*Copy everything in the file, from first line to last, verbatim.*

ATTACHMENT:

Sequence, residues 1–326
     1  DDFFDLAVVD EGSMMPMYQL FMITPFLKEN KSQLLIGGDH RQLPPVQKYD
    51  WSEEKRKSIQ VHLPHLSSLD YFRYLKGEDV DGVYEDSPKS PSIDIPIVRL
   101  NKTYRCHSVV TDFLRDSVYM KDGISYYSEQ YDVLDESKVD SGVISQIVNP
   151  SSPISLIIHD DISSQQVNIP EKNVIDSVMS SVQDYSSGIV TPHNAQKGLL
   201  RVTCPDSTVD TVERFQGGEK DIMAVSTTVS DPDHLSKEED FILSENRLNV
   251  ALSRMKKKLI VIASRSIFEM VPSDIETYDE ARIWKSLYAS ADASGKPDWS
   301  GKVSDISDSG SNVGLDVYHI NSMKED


Sequence, residues 1–326
     1  DDFFDLAVVD EGSMMPMYQL FMITPFLKEN KSQLLIGGDH RQLPPVQKYD
    51  WSEEKRKSIQ VHLPHLSSLD YFRYLKGEDV DGVYEDSPKS PSIDIPIVRL
   101  NKTYRCHSVV TDFLRDSVYM KDGISYYSEQ YDVLDESKVD SGVISQIVNP
   151  SSPISLIIHD DISSQQVNIP EKNVIDSVMS SVQDYSSGIV TPHNAQKGLL
   201  RVTCPDSTVD TVERFQGGEK DIMAVSTTVS DPDHLSKEED FILSENRLNV
   251  ALSRMKKKLI VIASRSIFEM VPSDIETYDE ARIWKSLYAS ADASGKPDWS
   301  GKVSDISDSG SNVGLDVYHI NSMKED